Why aren’t we holding our legislators accountable for crumbling roads and bridges?
Take Pennsylvania as an example. According to an article in the Pennsylvania Independent, the average bridge in the state is around 50 years old. PennDOT may have to put weight restrictions on as many as 1,200 bridges across the state. Pennsylvania lawmakers left for their summer recess without passing a $2.5 billion funding plan. Without the additional funding, PennDOT expects to spend about $1.6 billion on construction contracts for road and bridge repairs, down from $2 billion in 2012.
We know Pennsylvanians support transportation infrastructure. A February poll from Franklin and Marshall College found more than four in five registered voters believe Pennsylvania should spend more on transportation infrastructure. But only two in five supported plans to fund these repairs by uncapping the oil franchise tax, a wholesale tax that could raise gas prices and increases vehicle and driver’s fees. So do they really support it? You can’t say you support something if you’re not willing to put money behind it.
In May, the same polling group found roads and infrastructure were the 10th most important issues to voters. Just 2% said it was the most important problem facing Pennsylvania, with issues like the state’s economy, job creation, taxes and health care ranking higher.
A recent report from TRIP, a national nonprofit research group, found current road conditions in Pennsylvania cost the average driver about $1,646 in annual expenses. But will voters hold the state legislature accountable for this decrease in road repairs? Probably not.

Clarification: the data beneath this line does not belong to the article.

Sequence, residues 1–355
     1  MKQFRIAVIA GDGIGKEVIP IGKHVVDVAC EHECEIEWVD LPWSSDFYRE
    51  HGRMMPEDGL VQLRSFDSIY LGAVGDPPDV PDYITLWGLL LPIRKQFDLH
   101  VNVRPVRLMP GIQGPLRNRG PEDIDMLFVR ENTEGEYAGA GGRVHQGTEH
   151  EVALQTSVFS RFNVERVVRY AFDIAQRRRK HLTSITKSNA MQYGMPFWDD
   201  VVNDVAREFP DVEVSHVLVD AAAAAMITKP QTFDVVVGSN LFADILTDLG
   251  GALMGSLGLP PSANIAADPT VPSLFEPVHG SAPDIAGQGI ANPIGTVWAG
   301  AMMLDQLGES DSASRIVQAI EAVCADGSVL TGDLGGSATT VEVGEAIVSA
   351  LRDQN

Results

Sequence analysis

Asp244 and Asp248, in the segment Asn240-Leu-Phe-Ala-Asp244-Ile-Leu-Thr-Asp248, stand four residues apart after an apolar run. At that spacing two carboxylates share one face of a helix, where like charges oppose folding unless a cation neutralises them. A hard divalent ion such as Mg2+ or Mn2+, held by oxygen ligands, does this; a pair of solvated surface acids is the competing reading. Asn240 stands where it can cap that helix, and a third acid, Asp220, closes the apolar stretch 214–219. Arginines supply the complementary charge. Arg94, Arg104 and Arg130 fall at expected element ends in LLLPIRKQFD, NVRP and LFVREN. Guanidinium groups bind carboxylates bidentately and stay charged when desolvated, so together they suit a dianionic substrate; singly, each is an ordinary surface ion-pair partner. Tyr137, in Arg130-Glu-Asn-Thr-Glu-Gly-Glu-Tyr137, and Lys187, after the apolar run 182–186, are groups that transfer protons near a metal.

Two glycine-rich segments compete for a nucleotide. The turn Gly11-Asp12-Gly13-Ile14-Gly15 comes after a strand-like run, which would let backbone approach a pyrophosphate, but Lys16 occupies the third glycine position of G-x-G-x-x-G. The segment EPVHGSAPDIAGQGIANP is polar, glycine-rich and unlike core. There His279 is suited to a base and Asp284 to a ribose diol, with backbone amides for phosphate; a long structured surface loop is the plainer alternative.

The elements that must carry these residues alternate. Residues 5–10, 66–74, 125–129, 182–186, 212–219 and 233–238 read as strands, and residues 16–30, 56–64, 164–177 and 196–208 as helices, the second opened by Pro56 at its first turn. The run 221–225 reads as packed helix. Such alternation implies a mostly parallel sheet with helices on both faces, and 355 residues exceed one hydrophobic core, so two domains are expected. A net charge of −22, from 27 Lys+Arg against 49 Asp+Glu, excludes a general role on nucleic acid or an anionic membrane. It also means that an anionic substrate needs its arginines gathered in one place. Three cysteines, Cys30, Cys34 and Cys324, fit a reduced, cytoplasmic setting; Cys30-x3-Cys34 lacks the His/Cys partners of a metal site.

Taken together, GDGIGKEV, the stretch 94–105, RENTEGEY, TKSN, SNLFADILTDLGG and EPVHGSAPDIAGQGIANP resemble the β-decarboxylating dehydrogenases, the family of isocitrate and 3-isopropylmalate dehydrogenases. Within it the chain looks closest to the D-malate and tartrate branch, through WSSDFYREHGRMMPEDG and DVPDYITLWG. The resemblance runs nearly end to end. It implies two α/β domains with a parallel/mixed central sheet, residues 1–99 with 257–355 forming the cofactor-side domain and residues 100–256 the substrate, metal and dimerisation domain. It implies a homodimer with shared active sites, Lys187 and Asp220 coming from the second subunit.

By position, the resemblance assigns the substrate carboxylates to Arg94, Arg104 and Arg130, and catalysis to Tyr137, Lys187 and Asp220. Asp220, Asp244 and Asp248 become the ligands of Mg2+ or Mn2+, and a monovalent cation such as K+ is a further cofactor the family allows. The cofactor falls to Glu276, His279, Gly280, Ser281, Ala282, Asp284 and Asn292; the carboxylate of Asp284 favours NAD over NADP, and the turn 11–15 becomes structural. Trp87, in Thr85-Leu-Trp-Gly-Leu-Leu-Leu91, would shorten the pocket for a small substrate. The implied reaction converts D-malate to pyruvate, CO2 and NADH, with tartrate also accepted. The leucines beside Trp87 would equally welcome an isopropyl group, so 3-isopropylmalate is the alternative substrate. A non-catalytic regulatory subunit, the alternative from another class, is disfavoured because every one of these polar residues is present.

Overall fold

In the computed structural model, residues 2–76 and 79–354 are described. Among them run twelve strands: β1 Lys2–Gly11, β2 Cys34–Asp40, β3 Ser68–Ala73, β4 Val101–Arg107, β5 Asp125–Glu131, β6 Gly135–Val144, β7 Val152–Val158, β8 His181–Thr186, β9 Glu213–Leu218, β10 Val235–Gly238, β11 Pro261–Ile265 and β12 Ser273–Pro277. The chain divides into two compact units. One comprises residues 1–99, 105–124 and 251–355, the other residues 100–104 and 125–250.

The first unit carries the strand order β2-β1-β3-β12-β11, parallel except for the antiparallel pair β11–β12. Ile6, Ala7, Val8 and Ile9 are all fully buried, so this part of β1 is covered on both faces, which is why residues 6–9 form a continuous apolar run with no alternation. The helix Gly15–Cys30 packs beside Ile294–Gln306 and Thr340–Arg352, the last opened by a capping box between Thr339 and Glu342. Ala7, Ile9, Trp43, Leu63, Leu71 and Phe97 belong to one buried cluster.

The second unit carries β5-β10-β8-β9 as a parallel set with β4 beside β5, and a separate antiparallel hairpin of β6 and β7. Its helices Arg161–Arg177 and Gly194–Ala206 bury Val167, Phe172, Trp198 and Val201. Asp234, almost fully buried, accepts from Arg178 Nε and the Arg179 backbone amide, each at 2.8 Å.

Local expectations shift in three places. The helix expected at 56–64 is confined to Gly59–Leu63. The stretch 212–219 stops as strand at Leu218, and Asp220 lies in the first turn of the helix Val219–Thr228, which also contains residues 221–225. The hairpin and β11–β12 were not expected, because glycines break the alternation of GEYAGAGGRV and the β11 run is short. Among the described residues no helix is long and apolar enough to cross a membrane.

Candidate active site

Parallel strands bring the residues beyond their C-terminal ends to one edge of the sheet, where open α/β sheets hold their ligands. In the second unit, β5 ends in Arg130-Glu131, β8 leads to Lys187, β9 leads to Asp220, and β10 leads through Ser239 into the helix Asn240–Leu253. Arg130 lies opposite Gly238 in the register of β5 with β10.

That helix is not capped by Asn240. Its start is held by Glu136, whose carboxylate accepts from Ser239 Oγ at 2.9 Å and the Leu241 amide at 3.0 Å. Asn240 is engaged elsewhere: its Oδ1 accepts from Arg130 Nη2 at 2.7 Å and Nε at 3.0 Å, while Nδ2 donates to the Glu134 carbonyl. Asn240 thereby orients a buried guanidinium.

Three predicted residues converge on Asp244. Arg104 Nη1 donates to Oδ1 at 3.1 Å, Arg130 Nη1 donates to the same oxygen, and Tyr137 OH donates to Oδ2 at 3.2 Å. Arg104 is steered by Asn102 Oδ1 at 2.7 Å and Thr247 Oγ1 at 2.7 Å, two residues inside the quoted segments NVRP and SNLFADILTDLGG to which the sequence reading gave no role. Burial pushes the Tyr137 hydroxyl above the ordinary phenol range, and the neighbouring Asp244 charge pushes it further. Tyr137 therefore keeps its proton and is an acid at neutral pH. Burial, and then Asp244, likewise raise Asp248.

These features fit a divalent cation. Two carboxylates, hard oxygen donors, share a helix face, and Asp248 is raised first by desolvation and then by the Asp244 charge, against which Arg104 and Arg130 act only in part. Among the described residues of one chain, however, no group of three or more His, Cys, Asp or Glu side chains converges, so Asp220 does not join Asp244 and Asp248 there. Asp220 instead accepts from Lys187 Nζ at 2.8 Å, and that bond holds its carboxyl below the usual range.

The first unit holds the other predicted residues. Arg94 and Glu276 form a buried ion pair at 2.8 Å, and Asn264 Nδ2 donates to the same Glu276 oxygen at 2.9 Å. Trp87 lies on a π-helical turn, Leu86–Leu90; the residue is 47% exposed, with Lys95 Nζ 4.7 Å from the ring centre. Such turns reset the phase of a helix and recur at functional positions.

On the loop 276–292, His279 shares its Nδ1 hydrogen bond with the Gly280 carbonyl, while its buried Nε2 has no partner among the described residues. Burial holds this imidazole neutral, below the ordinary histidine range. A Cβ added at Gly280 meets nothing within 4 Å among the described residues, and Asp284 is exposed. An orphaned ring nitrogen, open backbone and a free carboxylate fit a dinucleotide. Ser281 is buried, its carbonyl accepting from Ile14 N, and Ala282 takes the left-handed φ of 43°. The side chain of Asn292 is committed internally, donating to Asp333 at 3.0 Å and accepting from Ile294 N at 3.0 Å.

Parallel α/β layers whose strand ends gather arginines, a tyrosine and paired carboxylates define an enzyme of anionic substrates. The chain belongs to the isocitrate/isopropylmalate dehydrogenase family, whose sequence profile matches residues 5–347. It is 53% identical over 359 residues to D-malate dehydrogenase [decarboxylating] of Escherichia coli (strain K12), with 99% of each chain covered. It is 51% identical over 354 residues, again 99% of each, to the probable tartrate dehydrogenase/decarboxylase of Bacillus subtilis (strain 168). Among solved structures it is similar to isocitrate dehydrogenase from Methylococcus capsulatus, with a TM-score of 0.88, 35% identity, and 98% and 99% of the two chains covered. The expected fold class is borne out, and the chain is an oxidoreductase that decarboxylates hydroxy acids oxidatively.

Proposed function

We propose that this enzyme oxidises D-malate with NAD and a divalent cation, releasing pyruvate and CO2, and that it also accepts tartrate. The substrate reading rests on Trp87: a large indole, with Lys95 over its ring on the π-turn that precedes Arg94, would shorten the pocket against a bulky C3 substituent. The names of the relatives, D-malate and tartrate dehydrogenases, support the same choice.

Maybe the solution lies not in voting out the bad, but voting in the good – or least voting someone in that will get something done. As Terry Madonna, a pollster and political science professor suggests in the Pennsylvania Independent,
“People who want to run against all lawmakers will argue that they’re part of a dysfunctional process. That they’re in an institution that doesn’t function, that doesn’t work.”
It’s time to hold politicians accountable by voting them out when they show their unwillingness to change the dysfunction. We have 400 and some odd days before the next highway bill expires. Outgoing transportation secretary Ray LaHood told the National Press Club in his farewell address that it’s doubtful a new Surface Transportation Bill will be passed by the House of Representatives when the present bill expires in 2014.
Perhaps it’s time some new representatives are elected.